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Alex Rider's guardian is killed in mysterious circumstances, leaving him to be forcibly recruited into MI6. After a gruelling training course, Alex is sent on his first mission - up against ruthless businessman Darius Sayle.


This energetic home-grown adventure, based on the first of Anthony Horowitz’s sextet of teen novels, has an easy pitch: baby Bond, juvenile Jack Bauer, Harry Potter goes Harry Palmer… Thus right there in its creative DNA is a huge ask. Where Master Potter is a pawn in bigger games, Alex Rider actively leaps into harm’s way when, as we’re constantly reminded, he’s only 14 years old. Horowitz’s screenplay never quite overcomes the uncomfortable suggestion that Rider is being utilised as an underage soldier.

 Also, with its wet-dream scenario — parentless teen becomes a secret agent and has Alicia Silverstone as his home-help — a lot depends on Alex Pettyfer to channel audience aspirations. But, to quote Derek Zoolander, he’s “really, really, ridiculously good-looking”. The type — total babe magnet — that real teenage boys — moody, spotty — tend to consider a “git”. It’s hard to warm to such a hero.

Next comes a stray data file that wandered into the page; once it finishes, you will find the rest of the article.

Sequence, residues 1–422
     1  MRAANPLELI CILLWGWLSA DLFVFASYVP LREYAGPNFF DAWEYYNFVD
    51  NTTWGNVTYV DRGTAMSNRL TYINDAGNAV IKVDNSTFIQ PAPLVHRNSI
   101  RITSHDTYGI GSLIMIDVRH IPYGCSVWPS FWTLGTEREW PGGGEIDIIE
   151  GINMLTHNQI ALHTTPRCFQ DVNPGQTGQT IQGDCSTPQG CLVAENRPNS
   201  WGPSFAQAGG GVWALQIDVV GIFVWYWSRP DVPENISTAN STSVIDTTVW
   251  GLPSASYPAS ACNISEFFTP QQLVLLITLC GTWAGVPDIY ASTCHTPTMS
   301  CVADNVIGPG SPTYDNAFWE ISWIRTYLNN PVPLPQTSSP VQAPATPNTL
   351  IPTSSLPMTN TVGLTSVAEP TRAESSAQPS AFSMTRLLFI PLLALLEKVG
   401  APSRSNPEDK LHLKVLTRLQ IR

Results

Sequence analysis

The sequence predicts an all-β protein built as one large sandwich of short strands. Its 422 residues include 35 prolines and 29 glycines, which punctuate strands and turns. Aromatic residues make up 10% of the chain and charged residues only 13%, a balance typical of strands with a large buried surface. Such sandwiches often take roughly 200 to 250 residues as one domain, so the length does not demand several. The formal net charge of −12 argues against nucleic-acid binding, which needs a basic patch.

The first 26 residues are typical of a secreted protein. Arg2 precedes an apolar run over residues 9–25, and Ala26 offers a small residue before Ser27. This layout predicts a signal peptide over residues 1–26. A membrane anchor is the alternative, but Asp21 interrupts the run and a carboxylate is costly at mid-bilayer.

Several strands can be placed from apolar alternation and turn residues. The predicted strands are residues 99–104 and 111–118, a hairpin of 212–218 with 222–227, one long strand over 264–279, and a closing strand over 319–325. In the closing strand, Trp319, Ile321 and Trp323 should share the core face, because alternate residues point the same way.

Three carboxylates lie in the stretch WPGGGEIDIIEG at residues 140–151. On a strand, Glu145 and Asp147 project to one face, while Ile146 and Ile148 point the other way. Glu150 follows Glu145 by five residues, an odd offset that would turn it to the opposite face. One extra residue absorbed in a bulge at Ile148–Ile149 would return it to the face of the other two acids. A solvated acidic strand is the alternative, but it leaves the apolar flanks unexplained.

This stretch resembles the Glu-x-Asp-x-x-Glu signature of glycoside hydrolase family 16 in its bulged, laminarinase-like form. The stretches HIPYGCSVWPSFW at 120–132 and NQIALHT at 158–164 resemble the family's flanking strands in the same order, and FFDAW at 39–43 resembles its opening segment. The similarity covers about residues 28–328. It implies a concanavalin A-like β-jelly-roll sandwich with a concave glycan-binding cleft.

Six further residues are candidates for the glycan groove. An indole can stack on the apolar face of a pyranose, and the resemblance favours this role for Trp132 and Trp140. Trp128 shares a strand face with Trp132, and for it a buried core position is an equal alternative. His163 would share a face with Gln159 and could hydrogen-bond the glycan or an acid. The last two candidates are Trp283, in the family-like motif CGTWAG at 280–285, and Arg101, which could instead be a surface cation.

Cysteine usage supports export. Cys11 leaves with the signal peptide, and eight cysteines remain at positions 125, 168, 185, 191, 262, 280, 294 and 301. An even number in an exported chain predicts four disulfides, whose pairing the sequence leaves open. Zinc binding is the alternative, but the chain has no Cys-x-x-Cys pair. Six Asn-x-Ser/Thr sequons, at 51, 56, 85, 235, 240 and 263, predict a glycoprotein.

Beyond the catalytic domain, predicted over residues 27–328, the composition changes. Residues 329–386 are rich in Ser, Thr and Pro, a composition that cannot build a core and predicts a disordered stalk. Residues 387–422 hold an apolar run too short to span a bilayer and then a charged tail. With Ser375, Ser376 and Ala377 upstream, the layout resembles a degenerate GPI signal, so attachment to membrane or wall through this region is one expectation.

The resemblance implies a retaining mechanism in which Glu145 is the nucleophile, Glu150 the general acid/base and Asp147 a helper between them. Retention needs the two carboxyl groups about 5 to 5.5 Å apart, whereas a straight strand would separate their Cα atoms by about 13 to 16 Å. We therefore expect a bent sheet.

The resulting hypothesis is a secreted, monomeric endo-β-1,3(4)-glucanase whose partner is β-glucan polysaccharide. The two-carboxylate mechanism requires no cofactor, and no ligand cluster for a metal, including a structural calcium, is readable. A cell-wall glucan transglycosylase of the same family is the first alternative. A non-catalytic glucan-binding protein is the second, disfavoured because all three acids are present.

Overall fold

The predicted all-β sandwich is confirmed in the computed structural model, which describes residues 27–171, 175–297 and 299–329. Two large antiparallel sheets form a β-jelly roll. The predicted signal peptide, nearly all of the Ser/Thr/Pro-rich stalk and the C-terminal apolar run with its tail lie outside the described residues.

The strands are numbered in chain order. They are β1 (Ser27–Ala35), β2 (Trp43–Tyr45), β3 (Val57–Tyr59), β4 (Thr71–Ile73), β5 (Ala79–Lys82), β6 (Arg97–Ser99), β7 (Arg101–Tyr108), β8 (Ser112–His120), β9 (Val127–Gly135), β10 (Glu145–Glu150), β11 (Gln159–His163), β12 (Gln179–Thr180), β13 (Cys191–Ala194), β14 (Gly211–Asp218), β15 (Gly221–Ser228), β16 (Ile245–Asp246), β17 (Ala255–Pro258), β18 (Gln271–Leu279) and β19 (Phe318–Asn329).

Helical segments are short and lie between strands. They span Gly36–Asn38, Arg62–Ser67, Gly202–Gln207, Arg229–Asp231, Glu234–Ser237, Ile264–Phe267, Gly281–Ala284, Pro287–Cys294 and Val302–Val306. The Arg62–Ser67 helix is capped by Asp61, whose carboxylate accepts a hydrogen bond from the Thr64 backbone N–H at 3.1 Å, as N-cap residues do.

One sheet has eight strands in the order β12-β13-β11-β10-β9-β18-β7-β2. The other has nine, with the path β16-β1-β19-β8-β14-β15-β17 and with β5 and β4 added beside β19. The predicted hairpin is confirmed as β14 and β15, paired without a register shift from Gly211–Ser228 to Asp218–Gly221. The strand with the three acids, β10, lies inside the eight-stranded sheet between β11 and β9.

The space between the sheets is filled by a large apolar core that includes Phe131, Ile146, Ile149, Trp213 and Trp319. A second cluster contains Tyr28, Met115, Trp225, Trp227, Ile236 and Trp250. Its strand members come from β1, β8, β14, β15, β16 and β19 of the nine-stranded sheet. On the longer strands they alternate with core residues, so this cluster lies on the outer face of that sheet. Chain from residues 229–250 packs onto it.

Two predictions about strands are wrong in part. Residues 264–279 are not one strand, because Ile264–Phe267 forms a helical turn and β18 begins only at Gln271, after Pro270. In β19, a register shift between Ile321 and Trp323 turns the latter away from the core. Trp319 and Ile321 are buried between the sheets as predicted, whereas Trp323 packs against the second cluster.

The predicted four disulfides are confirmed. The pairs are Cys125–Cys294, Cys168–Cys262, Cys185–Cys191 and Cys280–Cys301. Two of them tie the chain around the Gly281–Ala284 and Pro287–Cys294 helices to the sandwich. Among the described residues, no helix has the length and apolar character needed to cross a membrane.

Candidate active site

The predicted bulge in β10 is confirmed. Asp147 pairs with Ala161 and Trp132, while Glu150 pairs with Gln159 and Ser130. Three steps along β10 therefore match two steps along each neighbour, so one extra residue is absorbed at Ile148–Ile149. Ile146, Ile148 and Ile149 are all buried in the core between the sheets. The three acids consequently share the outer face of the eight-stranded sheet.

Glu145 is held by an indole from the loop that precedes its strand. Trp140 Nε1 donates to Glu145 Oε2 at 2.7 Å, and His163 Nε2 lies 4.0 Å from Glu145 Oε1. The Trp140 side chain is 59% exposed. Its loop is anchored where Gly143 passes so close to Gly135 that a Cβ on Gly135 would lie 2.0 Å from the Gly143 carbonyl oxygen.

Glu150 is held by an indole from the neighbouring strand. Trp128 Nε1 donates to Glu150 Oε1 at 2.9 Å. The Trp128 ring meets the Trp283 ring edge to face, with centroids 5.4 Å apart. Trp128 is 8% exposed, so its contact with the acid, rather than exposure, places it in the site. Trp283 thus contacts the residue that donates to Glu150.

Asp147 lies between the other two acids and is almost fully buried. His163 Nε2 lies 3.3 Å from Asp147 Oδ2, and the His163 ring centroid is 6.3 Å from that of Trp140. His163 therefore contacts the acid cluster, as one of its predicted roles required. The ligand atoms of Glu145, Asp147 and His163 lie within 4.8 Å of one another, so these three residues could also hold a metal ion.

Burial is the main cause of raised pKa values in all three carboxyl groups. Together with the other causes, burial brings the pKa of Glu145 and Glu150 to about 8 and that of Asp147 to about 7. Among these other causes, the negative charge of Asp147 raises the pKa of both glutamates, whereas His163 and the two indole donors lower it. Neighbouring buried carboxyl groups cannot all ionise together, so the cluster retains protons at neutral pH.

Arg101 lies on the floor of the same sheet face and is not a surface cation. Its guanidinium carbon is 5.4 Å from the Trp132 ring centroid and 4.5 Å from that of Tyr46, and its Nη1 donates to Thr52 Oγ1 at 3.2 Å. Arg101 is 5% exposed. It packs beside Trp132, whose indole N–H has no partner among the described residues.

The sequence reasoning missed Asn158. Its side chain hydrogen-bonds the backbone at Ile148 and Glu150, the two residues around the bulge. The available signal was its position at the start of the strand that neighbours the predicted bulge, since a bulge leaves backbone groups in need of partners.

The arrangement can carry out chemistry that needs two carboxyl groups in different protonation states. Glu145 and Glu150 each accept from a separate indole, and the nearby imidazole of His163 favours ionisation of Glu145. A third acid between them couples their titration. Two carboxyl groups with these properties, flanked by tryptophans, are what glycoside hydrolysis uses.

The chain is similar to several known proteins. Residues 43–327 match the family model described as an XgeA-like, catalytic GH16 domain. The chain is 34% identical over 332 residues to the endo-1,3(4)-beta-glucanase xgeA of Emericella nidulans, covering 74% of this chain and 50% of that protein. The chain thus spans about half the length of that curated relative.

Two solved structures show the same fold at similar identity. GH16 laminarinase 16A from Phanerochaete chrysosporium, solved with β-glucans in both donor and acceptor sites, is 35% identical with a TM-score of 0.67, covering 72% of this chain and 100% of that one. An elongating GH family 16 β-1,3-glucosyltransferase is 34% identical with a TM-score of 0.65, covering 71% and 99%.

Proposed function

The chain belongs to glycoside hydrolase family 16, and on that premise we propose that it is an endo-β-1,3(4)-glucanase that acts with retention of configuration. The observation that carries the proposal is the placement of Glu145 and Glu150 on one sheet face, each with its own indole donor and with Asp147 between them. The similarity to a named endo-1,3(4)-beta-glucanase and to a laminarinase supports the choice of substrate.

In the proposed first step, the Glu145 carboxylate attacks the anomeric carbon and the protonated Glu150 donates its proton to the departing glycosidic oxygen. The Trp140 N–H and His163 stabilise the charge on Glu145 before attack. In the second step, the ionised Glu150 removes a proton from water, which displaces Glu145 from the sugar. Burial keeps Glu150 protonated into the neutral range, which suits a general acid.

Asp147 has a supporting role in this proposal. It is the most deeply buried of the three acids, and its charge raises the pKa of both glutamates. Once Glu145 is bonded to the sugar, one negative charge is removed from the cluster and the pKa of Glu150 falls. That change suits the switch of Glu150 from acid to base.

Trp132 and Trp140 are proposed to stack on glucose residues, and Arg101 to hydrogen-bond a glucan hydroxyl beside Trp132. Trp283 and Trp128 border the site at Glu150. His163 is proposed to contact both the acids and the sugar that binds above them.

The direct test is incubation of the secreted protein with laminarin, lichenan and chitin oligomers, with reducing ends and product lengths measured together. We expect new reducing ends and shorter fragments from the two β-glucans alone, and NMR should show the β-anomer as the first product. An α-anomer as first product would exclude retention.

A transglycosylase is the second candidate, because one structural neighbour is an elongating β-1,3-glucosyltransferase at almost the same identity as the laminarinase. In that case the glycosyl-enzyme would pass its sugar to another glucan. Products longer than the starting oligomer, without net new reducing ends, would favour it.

A shame, because Geoffrey Sax makes a good fist of the visuals, mustering plenty of bonkers sets, vehicular action and new-fangled gizmos. A squad of reliable Brits give it a tickle of Austin Powers parody, while one unreliable American gives it next to nothing. Are we to be thankful that leather-faced Mickey Rourke has merely turned up? He seems to think so.  

It could be another Harry Potter. However, it could also be another Thunderbirds. But the cast assembled gives us hope, so fingers crossed for a new Brit franchise please.